(Inside Science) -- Some of the most brilliant colors in the animal kingdom belong to worms that live in the dark and have no eyes.
Researchers described four new species of deep-sea worms in a paper published today in the journal ZooKeys. They have been collecting the worms for years, but only recently teased apart their species relationships using genetics.
"Our nickname for them was Elvis worms because they look like sequins on an Elvis jumpsuit," said Greg Rouse, a marine biologist at the Scripps Institution of Oceanography at the University of California, San Diego.
The new species are Peinaleopolynoe goffrediae, named for marine biologist Shana Goffredi; P. mineoi, named for the father of biotechnologist Chrysa Mineo, who helped fund the research; P. orphanae, named for geobiologist Victoria Orphan; and P. elvisi, whose name is self-explanatory. They belong to a group known as scale worms, distant relatives of earthworms that are covered in large, overlapping plates.
Specimens of the four newly-discovered scale worm species.
Credits: Greg Rouse
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Most specimens were found clustered around the carcasses of whales and other sunken organic matter, although P. orphanae was also found at a hydrothermal vent, said Avery Hatch, a graduate student in Rouse's lab and one of the scientists who conducted the research.
Hatch's favorite part of the worms lies beneath the scales: intricate branching structures that serve as lungs. Hatch and her colleagues suspect these lungs evolved to be large and complex so the worms could survive in low-oxygen environments. The scales themselves come in iridescent shades of pink, blue and purple. Tufts of golden bristles on the animals' feet add extra sparkle.
For human eyes only?
Can anything down there actually see the worms' shimmery colors? No one knows, and opinions are divided. The worms themselves have no obvious eyes, although it's possible they can sense light in some other way, said Rouse. All the specimens were found at or below 1,000 meters, too deep for sunlight to reach.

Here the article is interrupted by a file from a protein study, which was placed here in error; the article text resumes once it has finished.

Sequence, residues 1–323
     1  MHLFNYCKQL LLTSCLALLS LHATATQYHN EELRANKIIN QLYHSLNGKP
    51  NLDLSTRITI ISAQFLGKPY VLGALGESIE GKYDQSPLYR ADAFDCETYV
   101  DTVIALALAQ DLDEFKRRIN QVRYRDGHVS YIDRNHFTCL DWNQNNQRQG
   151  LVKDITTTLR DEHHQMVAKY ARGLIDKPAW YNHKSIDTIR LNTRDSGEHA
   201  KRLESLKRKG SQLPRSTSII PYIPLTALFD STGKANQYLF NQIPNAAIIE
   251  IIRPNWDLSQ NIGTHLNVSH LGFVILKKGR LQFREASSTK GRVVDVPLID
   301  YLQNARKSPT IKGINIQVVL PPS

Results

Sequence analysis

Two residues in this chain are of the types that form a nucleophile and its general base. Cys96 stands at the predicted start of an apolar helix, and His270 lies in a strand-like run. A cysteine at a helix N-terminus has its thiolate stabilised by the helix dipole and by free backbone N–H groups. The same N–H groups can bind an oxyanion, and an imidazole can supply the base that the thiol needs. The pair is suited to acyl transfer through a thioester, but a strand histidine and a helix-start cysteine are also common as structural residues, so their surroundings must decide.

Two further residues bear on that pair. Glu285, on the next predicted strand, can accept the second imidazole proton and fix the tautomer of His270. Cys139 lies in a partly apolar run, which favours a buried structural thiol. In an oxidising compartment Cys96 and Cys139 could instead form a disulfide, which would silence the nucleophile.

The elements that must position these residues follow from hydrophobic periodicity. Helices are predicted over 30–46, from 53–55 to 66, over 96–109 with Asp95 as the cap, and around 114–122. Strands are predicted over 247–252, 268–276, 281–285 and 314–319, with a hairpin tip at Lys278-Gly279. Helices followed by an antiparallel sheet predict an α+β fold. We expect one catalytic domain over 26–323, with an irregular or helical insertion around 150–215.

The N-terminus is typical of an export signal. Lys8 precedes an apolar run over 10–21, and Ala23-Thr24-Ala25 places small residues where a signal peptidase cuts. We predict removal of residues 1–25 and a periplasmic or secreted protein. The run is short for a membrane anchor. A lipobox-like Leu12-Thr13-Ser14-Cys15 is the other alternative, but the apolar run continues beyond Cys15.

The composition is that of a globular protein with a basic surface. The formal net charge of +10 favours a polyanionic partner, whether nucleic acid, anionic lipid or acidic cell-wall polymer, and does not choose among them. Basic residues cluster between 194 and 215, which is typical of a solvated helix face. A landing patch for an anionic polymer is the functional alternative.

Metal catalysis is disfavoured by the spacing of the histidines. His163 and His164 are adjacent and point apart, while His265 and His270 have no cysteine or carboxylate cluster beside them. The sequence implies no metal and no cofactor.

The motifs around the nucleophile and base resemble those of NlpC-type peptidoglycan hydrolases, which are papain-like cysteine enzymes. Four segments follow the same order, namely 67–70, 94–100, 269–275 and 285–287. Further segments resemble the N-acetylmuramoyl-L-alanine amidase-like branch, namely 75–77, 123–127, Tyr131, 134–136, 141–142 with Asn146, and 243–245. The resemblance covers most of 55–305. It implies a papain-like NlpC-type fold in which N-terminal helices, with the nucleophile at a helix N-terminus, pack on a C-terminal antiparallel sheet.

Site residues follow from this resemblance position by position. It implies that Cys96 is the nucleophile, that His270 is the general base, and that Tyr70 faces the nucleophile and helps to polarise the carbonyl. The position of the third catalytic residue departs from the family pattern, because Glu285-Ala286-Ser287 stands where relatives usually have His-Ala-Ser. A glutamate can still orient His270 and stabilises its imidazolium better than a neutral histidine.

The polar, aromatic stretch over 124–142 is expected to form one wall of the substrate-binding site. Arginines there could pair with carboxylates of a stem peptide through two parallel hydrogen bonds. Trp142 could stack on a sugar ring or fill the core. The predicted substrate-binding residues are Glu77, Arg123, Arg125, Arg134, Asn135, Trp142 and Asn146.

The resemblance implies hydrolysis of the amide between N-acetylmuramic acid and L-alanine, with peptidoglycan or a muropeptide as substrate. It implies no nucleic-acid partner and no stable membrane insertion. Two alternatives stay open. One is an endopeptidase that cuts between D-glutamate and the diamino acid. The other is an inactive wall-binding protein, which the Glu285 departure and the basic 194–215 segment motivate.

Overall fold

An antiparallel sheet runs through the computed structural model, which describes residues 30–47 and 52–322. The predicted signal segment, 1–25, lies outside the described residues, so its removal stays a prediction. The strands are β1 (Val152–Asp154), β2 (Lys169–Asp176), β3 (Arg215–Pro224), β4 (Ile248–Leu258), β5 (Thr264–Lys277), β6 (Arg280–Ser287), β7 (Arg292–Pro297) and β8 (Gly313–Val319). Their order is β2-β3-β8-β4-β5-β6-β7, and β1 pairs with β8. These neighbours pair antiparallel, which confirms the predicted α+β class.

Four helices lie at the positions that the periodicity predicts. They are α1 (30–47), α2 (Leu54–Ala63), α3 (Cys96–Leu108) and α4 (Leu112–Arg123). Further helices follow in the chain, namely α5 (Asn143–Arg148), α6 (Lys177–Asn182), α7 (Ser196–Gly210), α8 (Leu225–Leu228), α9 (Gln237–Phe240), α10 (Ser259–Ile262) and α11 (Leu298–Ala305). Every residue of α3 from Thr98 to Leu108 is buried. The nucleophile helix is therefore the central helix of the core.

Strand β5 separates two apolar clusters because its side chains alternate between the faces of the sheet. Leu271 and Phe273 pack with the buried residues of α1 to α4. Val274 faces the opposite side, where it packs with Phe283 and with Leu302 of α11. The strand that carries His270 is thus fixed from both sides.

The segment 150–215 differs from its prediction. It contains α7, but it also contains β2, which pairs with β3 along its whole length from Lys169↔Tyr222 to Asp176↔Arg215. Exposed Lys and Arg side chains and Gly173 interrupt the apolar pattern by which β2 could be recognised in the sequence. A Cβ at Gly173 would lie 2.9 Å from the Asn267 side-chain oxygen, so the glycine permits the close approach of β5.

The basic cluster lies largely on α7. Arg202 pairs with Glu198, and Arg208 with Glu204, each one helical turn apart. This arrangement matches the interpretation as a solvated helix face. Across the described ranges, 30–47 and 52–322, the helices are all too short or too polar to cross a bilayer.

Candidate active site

But the ocean isn't like cave environments, where pallid, eyeless animals feel their way through pitch blackness. Many deep-sea creatures have well-developed eyes.
"Eyes are metabolically expensive. Mother nature isn't going to mess around and give you a huge eye unless it somehow helps your survival," said Tamara Frank, a biological oceanographer at Nova Southeastern University in Fort Lauderdale, Florida, who was not involved in the research.
In the deep sea, the main light source is bioluminescence produced by animals' bodies. Clouds of tiny plankton organisms light up when jostled, and many fish have light-producing organs on their sides that glow in species-specific patterns. Some animals even have "flashlights" under their eyes to illuminate objects in front of them.
Elvis worms don't produce their own light as far as the researchers know. It's conceivable their iridescence could serve as a defense, causing predators with undereye flashlights to be momentarily blinded by reflections. But Frank doubts it. Predators with undereye flashlights tend to live higher in the water column, still deep but not on the bottom with the worms.
"There's just no way that's going to be visible to any animal down there," said Frank. "I honestly think the iridescence doesn't have any functional significance."
But Frank's colleague Edith Widder, a deep-sea biologist and CEO of the Ocean Research & Conservation Association, still thinks there may be organisms that can see the worms in their dark habitats. The seafloor at those depths is largely unexplored, and some of its denizens -- for example, fish known as rat-tails -- are known to produce light.
"[Frank] may be right about the likelihood of fish with flashlights, but there are rat-tails down there and they have a different kind of luminescence which oddly enough shines out their ass. We're not sure for what reason," said Widder, who was not involved with the research.
Bizarre behavior caught on camera
Rouse and Hatch agree with Frank that there is probably nothing besides humans observing the worms' colors. The colors are produced by physical structures in the top layers of the scales, and the thicker those layers, the brighter the iridescence. Elvis worms might have evolved rigid scales purely as armor, with the colors arising as a side effect.
A remarkable video from a hydrothermal vent 3,700 meters deep in the Gulf of California may help reveal why the armor is needed. Orphan was operating the camera on a remote-operated vehicle, trying to get a closer look at her namesake species, when two worms began lashing out at each other with parrotlike beaks on the ends of long proboscises.
Credit: Schmidt Ocean Institute
"I had seen them as these sort of passive, cute worms. But they actually were taking chunks out of each other," said Orphan.
The researchers had previously noted that P. orphanae worms have thicker, more vivid scales than the other species, and the edges of their scales tend to be notched and ragged.
"It wasn't until we saw that video of them fighting that it suddenly clicked. Like, 'Wait -- these things in the scales, these notches, are bite marks,'" said Rouse.
The whole display was unlike anything the researchers had seen before. Widder called it "stunning and bizarre." She was particularly intrigued by the dancelike scuffling motions the worms performed between lunges.
"I really want to know what that jitterbug is about," she said.